noun, plural: chemoautotrophs
An organism (typically a bacterium or a protozoan) that obtains energy through chemosynthesis rather than by photosynthesis
Autotrophs are the producers in a food chain, such as plants on land or algae in water. They are also referred to as the producers in the food chain and occupy the first trophic level. They are capable of manufacturing their own food by photosynthesis or by chemosynthesis. Thus, autotrophs may be photoautotrophs or chemoautotrophs. Those that synthesize food through the use of chemical energy are referred to as chemoautotrophs.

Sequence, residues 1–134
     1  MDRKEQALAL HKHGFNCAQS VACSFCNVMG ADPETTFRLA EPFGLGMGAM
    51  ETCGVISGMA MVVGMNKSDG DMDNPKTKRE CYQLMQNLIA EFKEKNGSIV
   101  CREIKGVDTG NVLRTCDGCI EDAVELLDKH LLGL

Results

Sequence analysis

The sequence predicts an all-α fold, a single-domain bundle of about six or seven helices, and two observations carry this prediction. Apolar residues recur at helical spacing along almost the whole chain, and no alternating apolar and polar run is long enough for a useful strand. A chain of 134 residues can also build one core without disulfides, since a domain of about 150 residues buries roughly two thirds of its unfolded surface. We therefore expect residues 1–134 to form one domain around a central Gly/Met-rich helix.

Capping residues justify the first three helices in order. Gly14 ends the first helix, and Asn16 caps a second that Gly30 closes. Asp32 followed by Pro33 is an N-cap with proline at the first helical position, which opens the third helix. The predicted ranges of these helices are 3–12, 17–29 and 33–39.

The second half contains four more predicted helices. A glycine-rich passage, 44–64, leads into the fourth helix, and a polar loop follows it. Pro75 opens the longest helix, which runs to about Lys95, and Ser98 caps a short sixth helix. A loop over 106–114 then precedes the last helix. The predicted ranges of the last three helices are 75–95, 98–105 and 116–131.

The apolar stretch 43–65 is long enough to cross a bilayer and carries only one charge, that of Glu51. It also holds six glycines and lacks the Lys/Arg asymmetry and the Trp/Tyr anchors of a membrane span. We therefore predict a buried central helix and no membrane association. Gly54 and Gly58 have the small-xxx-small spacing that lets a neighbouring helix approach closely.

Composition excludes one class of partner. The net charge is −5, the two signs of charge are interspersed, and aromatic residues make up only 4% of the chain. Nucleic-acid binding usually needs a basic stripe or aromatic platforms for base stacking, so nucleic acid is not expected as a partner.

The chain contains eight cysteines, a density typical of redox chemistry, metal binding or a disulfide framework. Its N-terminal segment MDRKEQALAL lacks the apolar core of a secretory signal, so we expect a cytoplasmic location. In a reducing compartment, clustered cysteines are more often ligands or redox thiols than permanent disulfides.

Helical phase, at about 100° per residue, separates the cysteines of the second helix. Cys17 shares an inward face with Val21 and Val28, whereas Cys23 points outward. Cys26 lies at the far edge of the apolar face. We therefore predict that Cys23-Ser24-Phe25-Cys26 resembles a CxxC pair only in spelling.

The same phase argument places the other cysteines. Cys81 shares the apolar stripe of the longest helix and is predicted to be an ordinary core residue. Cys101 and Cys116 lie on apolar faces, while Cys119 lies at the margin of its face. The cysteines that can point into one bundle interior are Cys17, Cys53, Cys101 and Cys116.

Chemoautotrophs are those that make their own food by chemosynthesis. Chemosynthesis is a process by which some organisms, such as certain bacteria, use chemical energy to produce carbohydrates. They are capable of utilizing inorganic compounds such as hydrogen sulfide, sulfur, ammonium, and ferrous iron as reducing agents, and synthesize organic compounds from carbon dioxide. Chemoautotrophs are found in hostile habitats such as deep sea vents and where light cannot easily penetrate through. They include the methanogens, halophiles, nitrifiers, thermoacidophiles, sulfur oxidizers, etc.
Word origin: chemo– (chemical) + auto (self) + troph (nourishment)